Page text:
TIAA members call on PRI to investigate trillion-dollar fund over ‘ESG failures’

Members of US-based teachers' fund for academics file formal complaint with PRI, saying it has violated the responsible investment body’s principles.

Hundreds of members of US retirement fund TIAA – including climate activist Bill McKibben – have filed a formal complaint with the UN-supported Principles for Responsible Investment (PRI) asking it to investigate alleged “systematic” ESG failures by the trilllion-dollar fund and its subsidiary Nuveen.

In the complaint, which was released today and is addressed to the PRI’s CEO David Atkin and chair Martin Skancke, they allege that TIAA’s “substantial investments” in fossil fuels and deforestation violate the fund’s own climate pledge and commitment to the PRI’s six principles.

“We respectfully request the PRI board to urgently evaluate TIAA/Nuveen’s implementation of its commitment to the PRI principles in light of the factual information and analysis provided in this complaint,” the members wrote.

According to the 77-page document, which is supported by the TIAA-Divest! campaign group, TIAA is the fourth-largest bond holder across the coal value chain. This includes more than $91 million of bonds issued by Adani, the conglomerate that owns the controversial Carmichael coal mine in Australia.

Overall, the members allege that the fund has at least $78 billion invested in fossil fuels.

They are calling on TIAA to establish a moratorium on new fossil fuel investments, divest existing fossil fuel holdings by 2025 in line with a 1.5C pathway, and stop investment linked to deforestation.

“TIAA and the responsible investment community risk undermining their credibility if they fail to rapidly transition their investments away from fossil fuels and other high-emitting sectors,” said Hana Heineken, senior attorney at the Centre for International Environmental Law, a supporter of the complaint.

TIAA published its first climate report in December and earlier that year made several net-zero pledges, including a 2050 one for its $280 billion insurance investment account.

A TIAA spokesperson told Responsible Investor that the fund takes sustainable investing seriously. “Sustainability is integral to our investment process, essential for long-term investment success, and aligns with our corporate commitment to manage the risks associated with climate change,” they wrote.

“Our view is that broad divestment from fossil fuels does not offer TIAA an optimal way to influence the policies and practices of issuers we invest in, nor is it the best means to produce long-term value for our investors and other stakeholders.

“Large-scale divestments by simply selling fossil fuel generating investments to other companies won’t necessarily reduce carbon output.”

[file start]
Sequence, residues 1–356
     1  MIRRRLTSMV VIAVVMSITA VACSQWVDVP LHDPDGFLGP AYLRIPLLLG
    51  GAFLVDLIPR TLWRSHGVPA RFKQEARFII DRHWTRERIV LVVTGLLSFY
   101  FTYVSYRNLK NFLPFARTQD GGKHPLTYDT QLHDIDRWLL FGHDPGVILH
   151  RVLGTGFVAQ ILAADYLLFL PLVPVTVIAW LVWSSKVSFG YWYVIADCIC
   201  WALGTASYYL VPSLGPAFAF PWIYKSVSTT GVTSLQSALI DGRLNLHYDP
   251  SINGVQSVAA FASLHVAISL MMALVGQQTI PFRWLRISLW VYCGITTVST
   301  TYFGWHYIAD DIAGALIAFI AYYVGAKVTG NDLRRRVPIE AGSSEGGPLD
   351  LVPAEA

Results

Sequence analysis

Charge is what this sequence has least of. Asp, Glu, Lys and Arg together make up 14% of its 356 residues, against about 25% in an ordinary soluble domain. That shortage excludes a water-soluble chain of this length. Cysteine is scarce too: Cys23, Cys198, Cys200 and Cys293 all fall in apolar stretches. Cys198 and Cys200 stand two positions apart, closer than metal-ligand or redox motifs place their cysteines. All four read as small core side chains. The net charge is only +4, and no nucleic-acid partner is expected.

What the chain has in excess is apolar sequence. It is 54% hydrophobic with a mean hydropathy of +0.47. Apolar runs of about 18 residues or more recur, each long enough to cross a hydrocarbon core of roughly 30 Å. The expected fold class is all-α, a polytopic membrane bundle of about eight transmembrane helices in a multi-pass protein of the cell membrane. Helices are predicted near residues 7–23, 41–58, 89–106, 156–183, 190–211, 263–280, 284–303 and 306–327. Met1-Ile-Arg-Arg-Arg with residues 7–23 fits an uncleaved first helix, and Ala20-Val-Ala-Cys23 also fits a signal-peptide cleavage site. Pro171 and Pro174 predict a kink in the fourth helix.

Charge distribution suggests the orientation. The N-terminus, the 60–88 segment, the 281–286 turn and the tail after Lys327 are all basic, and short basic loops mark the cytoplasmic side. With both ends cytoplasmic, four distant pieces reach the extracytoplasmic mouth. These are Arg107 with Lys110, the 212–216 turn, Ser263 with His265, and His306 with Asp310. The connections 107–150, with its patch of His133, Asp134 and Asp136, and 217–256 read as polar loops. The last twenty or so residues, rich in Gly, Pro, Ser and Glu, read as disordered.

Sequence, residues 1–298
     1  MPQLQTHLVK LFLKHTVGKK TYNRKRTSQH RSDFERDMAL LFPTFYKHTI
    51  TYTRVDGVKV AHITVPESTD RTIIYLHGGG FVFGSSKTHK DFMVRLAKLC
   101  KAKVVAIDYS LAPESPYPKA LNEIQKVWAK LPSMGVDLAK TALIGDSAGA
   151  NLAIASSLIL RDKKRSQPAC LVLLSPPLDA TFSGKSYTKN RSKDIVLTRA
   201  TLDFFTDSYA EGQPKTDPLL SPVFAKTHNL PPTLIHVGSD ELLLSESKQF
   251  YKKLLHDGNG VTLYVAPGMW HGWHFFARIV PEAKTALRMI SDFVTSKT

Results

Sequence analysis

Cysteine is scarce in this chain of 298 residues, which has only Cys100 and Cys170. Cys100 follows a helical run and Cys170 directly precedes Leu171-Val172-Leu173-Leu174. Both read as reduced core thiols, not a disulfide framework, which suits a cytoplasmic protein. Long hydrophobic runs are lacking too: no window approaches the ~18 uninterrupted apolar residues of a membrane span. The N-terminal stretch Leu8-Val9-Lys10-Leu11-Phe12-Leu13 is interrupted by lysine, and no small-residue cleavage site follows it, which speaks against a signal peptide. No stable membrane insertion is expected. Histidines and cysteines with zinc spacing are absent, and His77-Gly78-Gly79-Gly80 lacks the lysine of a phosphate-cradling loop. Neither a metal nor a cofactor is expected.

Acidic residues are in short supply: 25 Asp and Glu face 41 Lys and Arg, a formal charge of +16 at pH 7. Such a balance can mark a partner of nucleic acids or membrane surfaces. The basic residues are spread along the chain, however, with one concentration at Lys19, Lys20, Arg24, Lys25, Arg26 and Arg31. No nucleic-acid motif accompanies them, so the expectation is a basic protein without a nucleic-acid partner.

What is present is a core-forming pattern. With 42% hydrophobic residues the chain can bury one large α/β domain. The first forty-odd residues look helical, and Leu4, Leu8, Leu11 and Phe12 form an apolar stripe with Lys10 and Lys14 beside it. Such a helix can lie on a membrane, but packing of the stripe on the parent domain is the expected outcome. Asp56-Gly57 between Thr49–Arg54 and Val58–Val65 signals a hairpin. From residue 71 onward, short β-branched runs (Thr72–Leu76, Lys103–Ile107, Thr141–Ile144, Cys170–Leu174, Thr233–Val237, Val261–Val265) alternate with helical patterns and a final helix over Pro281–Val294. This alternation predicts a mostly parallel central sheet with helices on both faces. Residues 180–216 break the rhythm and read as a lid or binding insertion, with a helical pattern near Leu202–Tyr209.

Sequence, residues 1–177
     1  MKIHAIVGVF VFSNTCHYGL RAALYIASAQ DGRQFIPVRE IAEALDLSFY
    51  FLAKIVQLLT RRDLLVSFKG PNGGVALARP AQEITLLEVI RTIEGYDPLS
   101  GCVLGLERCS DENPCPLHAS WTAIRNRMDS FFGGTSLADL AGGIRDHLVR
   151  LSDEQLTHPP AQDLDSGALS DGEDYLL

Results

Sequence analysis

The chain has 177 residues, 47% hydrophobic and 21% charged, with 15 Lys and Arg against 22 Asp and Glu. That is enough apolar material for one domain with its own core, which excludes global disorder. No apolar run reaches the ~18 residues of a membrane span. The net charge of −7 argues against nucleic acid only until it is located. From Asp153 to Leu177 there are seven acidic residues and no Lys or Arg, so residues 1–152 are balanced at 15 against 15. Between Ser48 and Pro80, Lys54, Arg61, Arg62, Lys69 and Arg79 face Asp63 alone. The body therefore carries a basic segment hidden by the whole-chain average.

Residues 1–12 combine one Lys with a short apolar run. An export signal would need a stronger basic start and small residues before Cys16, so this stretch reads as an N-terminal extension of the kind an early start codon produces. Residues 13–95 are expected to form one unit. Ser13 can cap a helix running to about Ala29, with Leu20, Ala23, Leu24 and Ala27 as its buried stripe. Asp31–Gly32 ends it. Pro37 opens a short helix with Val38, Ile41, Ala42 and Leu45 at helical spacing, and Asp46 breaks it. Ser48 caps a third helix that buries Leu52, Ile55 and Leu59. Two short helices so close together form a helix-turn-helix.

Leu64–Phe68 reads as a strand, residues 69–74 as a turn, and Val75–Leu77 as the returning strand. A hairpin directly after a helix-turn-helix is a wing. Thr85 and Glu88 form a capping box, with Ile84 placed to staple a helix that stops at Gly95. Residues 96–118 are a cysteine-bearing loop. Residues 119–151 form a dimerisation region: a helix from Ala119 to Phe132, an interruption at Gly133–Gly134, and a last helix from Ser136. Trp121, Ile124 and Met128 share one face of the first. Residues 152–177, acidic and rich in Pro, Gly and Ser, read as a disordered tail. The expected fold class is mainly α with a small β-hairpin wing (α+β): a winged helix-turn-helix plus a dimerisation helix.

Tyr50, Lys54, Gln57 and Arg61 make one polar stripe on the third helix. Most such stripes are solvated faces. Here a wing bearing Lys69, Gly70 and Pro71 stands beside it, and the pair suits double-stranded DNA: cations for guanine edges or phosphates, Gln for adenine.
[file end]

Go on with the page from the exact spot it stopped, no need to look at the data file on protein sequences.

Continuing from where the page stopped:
The complainants, however, questioned the value of “indefinite engagement” with big emitters. “TIAA/Nuveen has publicly dismissed divestment as an investment strategy but has failed to demonstrate meaningful climate impacts through its preferred strategy of indefinite engagement,” they claimed.

“TIAA/Nuveen’s investment practices indicate a systematic failure to incorporate ESG issues.”

They are urging the PRI to “investigate and address both TIAA/Nuveen’s irresponsible investments and systematic greenwashing practices”.

Should TIAA/Nuveen fail to act on the issues raised in the complaint, the members request that the PRI board “use the full range of administrative options at its command, including delisting, in order to preserve the principles of PRI”.

The complainants argue that the PRI’s integrity is at stake. “We, therefore, contend that TIAA/Nuveen’s conduct demonstrates serious violations of the integrity of the PRI initiative and the PRI principles, and PRI’s tolerance of TIAA/Nuveen’s investment practices will only undermine the integrity of the PRI initiative.”

The PRI’s serious violations policy gives its board the right to terminate a signatory’s membership, by way of majority vote, if it believes the behaviour of the signatory “puts the integrity of the initiative at risk”.

A spokesperson for the PRI told RI that it is a “big tent organisation”, committed to encouraging and engaging with investors to integrate ESG factors. They added that the PRI “is not responsible for – nor can it monitor – every individual investment or activity” in its more than 5,000 signatories’ portfolios. “They must be monitored by the investor, in line with their own investment beliefs, investor duties, commitments and policies.”

RI understands that the PRI will review the complaint under its existing policies.